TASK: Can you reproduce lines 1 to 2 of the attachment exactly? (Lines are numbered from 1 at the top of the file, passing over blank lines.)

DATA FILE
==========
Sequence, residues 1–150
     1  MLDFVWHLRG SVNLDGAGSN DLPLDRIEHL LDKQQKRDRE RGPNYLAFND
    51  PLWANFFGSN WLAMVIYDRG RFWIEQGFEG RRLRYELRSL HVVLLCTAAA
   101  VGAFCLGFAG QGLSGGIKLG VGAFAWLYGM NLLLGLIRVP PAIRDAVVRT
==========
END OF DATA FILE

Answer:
Sequence, residues 1–150
     1  MLDFVWHLRG SVNLDGAGSN DLPLDRIEHL LDKQQKRDRE RGPNYLAFND